More notable climbs:

  • First winter ascent of Long’s Peak, a 14er in Colorado (1976)
  • First solo, first ascent of a major route on the south face of Ama Dablam in Nepal (1979)
  • First ascent of a pioneering mixed climb called Octopussy in Vail, Colorado- it was the first M8 (1994)
  • First ascent of Moonlight Buttress (5.12c) in Zion National Park with Mike Weiss (1971). This route would later be climbed by the best climbers of each generation, such as Peter Croft and Johnny Woodward (first free ascents), as well as Alex Honnold and Ethan Pringle.

Jeff Lowe’s Metanoia

Jeff Lowe’s Metanoia is a documentary about the story of one man’s journey from the top of the world to the end of the line. It’s narrated by Jon Krakauer, who was the photographer for the Metanoia ascent, and is about love, survival, and a “pathological optimist” (according to close friend Malcolm Daly) with an indomitable spirit.

In 1991, Jeff Lowe climbed a line straight up the North Face of the Eiger, alone and without bolts – it took him 9 days. It was the first ascent on what is considered to be the most formidable route on the Eiger. “Metanoia” is a Greek term that means fundamental change of thinking, a new view of the world. He experienced a spiritual transformation on this climb, hence the name of the route. After years of hitting rock bottom, he found his way back to himself.

While the movie does focus around this specific climb in his career, it’s really about Jeff’s incredible life and his journey into his later years in a wheelchair. It highlights his high adventure lifestyle and his resilience through countless challenges on and off the mountain. It’s about how over time, his priorities shifted and his purpose in life was clarified; he was filled with acceptance, peace and joy, and his life became even more inspiring, affecting people around the world.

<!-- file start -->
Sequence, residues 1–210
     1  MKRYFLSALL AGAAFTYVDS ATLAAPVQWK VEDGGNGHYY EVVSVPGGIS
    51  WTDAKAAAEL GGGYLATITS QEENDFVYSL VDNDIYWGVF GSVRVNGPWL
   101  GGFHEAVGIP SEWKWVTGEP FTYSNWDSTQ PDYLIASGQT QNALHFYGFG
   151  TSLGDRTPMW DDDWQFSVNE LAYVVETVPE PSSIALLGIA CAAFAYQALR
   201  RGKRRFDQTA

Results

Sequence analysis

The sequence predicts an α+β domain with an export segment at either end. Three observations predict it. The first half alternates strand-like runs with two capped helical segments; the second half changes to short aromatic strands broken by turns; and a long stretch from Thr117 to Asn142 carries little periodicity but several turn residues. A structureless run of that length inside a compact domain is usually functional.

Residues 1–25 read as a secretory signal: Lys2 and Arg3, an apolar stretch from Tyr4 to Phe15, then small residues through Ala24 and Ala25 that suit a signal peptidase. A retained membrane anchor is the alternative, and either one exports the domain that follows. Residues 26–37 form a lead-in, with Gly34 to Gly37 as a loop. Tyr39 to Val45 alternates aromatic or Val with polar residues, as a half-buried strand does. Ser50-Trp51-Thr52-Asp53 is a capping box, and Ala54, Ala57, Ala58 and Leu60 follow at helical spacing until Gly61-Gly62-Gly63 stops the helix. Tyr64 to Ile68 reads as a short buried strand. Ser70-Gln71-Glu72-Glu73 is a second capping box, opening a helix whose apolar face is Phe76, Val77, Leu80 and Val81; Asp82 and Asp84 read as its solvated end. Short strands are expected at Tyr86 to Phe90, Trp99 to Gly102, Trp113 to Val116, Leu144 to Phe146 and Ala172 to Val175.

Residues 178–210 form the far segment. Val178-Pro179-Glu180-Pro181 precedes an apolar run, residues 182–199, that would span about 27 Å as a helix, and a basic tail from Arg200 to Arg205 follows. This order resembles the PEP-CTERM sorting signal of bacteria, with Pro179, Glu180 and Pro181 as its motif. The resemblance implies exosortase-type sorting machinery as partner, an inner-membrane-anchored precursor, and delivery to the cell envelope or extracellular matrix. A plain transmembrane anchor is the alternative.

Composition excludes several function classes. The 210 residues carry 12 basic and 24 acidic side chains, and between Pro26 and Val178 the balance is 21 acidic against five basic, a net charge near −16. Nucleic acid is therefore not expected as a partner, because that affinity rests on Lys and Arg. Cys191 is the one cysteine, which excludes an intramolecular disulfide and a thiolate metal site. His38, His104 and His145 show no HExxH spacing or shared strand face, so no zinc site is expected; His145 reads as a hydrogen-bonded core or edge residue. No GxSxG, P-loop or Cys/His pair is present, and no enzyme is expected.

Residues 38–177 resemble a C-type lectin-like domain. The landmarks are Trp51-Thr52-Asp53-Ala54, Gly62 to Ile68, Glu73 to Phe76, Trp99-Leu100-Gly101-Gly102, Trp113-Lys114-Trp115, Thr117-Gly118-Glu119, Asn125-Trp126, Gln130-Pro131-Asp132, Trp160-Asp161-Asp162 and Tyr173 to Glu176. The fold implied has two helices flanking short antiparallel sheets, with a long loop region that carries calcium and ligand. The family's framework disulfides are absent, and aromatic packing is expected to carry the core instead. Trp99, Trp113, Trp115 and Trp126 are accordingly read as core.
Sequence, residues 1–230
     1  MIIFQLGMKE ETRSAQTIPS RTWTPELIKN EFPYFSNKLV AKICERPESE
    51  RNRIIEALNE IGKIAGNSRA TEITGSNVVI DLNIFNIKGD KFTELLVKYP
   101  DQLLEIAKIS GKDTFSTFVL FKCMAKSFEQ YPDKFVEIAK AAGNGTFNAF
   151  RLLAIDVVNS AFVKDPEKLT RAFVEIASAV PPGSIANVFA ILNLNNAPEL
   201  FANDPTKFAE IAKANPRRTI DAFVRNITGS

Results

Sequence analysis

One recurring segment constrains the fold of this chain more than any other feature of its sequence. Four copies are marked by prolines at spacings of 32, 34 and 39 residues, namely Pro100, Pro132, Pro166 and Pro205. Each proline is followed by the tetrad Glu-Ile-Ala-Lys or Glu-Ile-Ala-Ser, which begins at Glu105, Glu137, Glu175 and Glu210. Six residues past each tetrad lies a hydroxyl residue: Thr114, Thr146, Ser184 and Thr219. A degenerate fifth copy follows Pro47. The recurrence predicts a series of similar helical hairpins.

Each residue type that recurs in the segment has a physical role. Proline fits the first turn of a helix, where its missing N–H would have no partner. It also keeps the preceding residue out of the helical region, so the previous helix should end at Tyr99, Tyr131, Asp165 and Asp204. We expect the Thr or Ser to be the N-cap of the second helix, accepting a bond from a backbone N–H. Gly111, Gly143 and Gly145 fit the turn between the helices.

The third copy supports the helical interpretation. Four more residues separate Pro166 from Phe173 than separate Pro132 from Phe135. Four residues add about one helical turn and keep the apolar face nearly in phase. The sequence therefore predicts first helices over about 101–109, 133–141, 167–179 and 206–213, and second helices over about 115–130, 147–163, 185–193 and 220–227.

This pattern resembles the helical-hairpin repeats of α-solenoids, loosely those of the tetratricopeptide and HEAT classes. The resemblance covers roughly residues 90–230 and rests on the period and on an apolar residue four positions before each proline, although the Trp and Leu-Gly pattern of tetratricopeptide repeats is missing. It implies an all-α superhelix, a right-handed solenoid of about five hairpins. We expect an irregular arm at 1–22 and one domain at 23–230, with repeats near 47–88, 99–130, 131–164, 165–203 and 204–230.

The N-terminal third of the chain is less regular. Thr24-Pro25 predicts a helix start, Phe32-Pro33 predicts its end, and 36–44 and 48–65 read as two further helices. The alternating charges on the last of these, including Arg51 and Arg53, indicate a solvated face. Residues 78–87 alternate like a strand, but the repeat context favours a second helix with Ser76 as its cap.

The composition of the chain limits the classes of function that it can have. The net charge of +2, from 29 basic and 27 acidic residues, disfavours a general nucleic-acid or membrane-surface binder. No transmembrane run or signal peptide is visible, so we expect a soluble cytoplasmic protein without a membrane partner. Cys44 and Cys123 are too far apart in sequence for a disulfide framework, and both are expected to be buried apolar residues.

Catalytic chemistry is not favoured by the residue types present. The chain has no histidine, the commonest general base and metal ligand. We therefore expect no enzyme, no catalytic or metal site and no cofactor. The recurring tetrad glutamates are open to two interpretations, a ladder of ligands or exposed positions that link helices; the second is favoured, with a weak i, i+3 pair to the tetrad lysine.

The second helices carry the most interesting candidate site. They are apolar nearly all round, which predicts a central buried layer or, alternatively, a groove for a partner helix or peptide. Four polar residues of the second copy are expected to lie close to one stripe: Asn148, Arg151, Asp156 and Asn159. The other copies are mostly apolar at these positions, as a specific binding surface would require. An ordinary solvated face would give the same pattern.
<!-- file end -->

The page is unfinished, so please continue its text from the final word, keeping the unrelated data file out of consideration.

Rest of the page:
Jeff’s route on Metanoia. To view the interactive map, click here.


Here’s the trailer for the Metanoia film.

You can watch the whole documentary here. The film is 1 hour and 18 minutes long and documents the life and accomplishments of alpinist Jeff Lowe.

At the end of his ascent, Jeff was forced to abandon his pack and ropes when he ran out of time before a 3rd storm would prohibit a safe return from the mountain after his ascent. Twenty years later, it was recovered and he was able to unpack it for the first time.


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Derek, Co-Founder at Know Nothing Nomads

My goal with my writing and Know Nothing Nomads as a whole is to share my passions of hiking, camping, and a love of the outdoors with our readers.